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Warren Spector describes himself as one of Mickey Mouse’s biggest fans. He has a lot of company, too, and therein lies the potential for Spector’s new video game, Disney Epic Mickey. Launching today, the game is an ambitious title for the Nintendo Wii that has been almost five years in the making. The goal is to make Mickey Mouse as big a star in video games as he is in other media.
“Mickey Mouse deserves no less,” Spector said in a recent interview with VentureBeat.
The game is inspired by the early years of Mickey’s 80-year history, when he was a more mischievous character. It is set in a dark and dreary landscape called Wasteland, which holds a number of scary experiences in store for the big-eared mouse. Created by the Junction Point studio founded by Warren Spector (pictured), the game blends different genres of games: action adventure, role-playing, and platform gaming. The game is a calculated move to make an old icon more relevant in an age of edgy video games. Disney Epic Mickey is just one of a series of games that Disney has undertaken to show that it is serious about making its video game business as big as its other media businesses. In that sense, the pressure is on for Spector. The goal is to not only get kids to connect with Mickey Mouse as a character for the first time, but also to get adults to reconnect with him, by getting back to their inner child.
We recently caught up with Spector at an event at the Disney family museum in the Presidio in San Francisco.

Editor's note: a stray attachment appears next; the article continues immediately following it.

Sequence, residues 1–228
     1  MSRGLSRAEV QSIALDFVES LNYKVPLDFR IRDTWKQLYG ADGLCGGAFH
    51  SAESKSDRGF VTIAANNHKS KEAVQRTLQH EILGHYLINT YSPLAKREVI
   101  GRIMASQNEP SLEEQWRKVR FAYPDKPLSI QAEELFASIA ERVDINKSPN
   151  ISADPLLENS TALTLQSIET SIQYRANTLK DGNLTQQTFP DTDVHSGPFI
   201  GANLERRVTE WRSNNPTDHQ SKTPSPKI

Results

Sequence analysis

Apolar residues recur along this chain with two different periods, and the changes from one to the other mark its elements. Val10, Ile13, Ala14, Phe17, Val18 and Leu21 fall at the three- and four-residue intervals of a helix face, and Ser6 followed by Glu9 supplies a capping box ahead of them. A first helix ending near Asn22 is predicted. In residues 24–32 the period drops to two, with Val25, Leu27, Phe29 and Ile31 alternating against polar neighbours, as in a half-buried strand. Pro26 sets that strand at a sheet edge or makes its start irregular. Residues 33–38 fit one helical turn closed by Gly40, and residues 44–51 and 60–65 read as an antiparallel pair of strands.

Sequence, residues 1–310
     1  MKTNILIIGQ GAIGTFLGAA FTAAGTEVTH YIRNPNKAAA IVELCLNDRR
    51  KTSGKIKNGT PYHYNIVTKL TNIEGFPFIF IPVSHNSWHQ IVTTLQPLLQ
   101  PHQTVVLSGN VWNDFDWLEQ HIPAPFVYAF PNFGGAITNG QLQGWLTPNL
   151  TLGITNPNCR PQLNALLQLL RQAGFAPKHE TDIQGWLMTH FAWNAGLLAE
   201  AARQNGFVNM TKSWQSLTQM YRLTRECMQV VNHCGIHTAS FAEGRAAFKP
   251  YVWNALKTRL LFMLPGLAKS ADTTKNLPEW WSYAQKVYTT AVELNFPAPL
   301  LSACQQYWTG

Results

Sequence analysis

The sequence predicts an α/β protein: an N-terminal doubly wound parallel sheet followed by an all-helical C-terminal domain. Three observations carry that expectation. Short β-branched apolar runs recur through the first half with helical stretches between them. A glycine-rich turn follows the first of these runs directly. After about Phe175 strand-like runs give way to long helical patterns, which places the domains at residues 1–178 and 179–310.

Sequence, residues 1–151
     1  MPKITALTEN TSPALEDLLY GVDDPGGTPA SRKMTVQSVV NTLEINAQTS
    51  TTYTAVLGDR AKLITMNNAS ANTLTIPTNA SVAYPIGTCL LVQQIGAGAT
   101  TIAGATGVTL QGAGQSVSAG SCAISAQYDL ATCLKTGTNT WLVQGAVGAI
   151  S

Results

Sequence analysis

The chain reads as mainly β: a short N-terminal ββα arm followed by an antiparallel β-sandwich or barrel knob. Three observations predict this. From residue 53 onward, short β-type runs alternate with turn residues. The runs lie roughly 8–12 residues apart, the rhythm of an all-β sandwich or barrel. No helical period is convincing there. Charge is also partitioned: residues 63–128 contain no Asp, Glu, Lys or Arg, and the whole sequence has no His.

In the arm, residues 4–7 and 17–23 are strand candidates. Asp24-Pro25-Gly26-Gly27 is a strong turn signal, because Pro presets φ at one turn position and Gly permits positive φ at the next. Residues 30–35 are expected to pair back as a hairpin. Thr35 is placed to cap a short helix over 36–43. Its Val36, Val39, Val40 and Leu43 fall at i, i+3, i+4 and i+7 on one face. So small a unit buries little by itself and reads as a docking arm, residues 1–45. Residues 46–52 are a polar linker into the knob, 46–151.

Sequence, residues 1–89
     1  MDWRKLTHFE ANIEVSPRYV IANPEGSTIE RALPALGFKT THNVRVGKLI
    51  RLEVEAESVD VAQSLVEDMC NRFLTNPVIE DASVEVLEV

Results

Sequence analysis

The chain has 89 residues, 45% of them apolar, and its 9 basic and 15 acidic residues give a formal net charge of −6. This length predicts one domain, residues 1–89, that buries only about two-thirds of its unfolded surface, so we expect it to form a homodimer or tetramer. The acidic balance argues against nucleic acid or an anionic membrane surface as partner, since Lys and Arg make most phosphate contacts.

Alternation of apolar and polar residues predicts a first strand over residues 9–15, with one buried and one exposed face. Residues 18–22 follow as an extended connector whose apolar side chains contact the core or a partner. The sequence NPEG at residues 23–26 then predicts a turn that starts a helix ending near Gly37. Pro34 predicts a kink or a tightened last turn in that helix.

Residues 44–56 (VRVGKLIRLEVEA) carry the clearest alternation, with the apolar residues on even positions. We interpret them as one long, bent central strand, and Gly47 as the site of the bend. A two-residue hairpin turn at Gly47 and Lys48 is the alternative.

Three top investment pros open up about what it takes to get your video game funded.
VB: Tell us what the experience of this game is like.
WS: There’s a magic moment that happens about half an hour in the beginning. Typically right around the time people get to that point, they say, “Wait. I can erase things in the world and then bring them back?” Bing. A light bulb goes off. And for kids ages eight and up, they just play. They experiment, they try stuff, they have fun, they figure out what’s fun for them, they do more of that. The adults wonder, “What am I supposed to do? What do you want me to do? What’s right? What’s wrong?” It takes longer for the adults. The light bulb eventually goes off for the adults. At the end of the day, that light bulb has gone off for everyone we’ve tested it on. For us, the question isn’t about “why can’t a game make you cry?” (a reference to Electronic Arts original debut ad for its computer games in 1982). For us, it’s about why can’t a game appeal to everyone the way that a Pixar film or a Disney feature animated film does. So one of the important goals here is to see if we could do that. Let’s see what happens when it’s in the hands of millions of players. But our testing shows that we actually did it.
VB: So by design, people should figure the game out on their own?
WS: The game starts with our training levels. In the first room, we’re literally doing what every game does. We teach you the how to run, jump, use, talk, spend — the stuff that you do in a game. But then we had a little bit of a stiffer challenge because we had to teach players that you can remove things from the world. This is a game where players can find their own solutions to problems. Today a journalist asked me to play. I said sure let’s play through our stuff, our training modes. He did something that I had never seen anybody do. He got past an obstacle in a way that I’d never seen anybody try before, and it worked. So, even in our training levels, you can do things in a way that removes things and puts them back, which has never been done in a game before, ever.